August 2003 | Commentary | Viewpoint

Is It Time to Jettison JIT?

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Manufacturers, retailers, and suppliers have come to rely on Just In Time inventory management, or JIT, as a way to reduce costs and improve efficiency. There is no doubt that JIT management has improved companies' bottom lines and saved manufacturers billions of dollars.

While JIT offers the potential to create significant savings for firms, it is far from being the panacea promised by some of its advocates. Just as reengineering became a euphemism for downsizing, in reality many firms implement JIT regimes with a primary goal of reducing inventory in order to free up capital.

Poorly-conceived JIT programs, however, can expose firms to costly disruptions in production and failures to meet customer demands. There are costs as well as benefits to just-in-time management, and both have changed significantly in the recent past. Inventory reduction for its own sake may be costing producers far more than they realize.

The Cost of Inventory is Falling

A major determinant of the cost of holding inventory is the prevailing real interest rate, which reflects the firm's opportunity cost of capital. Every dollar of input inventory held in the warehouse represents one less dollar earning interest in the bank or, more likely, one more dollar that the firm has to borrow in the market.

In the early 1980s, real interest rates were at historically high levels, dramatically increasing the opportunity cost of holding inventory. With interest rates hovering near levels last seen in the 1950s, firms can manage to hold larger stocks of inventory more economically.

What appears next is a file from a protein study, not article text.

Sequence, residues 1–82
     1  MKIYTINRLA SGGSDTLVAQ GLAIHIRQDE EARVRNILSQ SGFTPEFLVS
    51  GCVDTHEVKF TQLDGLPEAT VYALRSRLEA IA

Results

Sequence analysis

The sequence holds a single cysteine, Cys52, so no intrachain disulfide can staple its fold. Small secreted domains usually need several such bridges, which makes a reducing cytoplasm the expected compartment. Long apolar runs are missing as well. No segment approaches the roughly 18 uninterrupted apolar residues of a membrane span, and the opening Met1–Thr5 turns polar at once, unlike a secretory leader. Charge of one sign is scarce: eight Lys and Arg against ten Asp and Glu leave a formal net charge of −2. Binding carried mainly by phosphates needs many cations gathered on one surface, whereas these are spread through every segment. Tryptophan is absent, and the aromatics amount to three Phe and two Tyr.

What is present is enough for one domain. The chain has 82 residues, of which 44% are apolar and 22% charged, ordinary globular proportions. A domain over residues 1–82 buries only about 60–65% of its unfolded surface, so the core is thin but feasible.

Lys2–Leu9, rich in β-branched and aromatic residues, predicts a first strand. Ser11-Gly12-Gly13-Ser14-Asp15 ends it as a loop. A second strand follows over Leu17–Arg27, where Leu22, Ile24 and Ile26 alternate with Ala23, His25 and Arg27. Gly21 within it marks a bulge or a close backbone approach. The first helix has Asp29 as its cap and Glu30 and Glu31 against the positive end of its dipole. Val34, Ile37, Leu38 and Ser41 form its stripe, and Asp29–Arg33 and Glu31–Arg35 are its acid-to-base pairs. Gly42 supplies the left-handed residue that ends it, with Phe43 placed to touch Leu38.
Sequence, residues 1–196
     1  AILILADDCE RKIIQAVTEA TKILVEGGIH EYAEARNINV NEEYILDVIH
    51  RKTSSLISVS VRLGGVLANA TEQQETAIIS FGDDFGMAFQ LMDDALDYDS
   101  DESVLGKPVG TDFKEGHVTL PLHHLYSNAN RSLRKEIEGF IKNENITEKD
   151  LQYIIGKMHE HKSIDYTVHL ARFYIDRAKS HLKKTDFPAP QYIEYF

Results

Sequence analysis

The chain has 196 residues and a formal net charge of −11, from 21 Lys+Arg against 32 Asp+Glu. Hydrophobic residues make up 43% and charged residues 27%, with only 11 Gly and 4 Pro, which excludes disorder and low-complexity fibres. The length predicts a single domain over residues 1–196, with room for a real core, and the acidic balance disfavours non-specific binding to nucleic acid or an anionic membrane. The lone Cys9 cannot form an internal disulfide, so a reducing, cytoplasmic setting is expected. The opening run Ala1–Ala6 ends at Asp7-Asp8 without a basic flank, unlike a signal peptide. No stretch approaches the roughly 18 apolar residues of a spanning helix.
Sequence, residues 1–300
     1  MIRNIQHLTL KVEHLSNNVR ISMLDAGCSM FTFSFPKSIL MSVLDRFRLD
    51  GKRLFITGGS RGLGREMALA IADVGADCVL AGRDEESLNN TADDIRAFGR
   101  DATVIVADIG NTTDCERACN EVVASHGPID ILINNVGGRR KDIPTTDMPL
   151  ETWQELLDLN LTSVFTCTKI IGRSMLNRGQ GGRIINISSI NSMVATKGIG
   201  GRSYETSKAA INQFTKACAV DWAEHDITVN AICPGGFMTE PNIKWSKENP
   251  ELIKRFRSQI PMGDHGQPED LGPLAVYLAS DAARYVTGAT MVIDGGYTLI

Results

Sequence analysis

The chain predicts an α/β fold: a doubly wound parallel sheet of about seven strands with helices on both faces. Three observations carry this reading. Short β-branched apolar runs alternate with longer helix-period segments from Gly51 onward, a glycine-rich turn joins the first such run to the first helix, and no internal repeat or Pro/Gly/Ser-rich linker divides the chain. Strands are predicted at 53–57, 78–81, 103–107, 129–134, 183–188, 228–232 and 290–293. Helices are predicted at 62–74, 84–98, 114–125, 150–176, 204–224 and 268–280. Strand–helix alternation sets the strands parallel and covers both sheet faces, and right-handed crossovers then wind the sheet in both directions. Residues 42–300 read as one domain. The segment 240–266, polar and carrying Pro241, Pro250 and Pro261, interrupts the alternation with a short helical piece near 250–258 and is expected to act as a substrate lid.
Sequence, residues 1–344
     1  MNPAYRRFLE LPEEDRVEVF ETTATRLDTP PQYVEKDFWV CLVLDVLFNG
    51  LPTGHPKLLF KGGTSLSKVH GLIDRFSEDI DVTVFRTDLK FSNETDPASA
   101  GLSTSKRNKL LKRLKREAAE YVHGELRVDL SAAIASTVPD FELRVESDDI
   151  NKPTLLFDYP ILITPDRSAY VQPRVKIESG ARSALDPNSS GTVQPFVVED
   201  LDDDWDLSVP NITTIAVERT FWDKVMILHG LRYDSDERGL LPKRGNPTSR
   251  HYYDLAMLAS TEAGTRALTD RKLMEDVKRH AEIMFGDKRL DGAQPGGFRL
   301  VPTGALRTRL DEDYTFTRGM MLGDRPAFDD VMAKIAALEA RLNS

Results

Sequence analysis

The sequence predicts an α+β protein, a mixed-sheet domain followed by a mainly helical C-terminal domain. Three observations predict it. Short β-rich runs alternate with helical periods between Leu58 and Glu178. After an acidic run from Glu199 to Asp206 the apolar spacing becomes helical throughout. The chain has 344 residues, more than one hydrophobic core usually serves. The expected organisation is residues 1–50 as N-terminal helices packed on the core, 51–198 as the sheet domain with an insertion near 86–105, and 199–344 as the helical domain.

Further, the increasing globalization of the world economy also reduces the dollar value of work-in-process inventories. As production shifts to relatively low-cost developing countries, the cost per unit and total capital invested in intermediate product falls, reducing the corresponding inventory holding costs.

Transportation Expenditures Have Risen

Transportation costs must be considered in tandem with inventory cost considerations when making logistical decisions. While the increasing globalization of the world economy has reduced the capital tied up in inventories, it has increased the distances product is shipped. Accordingly, the proportion of transportation costs as a percent of total costs has risen.

Further, the advisability of JIT depends heavily on the ability to reduce lot sizes, causing shippers to demand faster, smaller, more reliable transportation. Shippers are required to substitute modes such as less-than-truckload and air freight for more economical modes such as full truckload and rail to support JIT's exacting standards for low inventories and precision delivery windows.

Speed and reliability come at a price, however; the transportation cost per unit of each lot grows appreciably as the lot size shrinks. Slower forms of transportation are significantly less expensive per unit. The relevant question that firms must continuously ask is whether reduced inventories justify the increased transportation costs.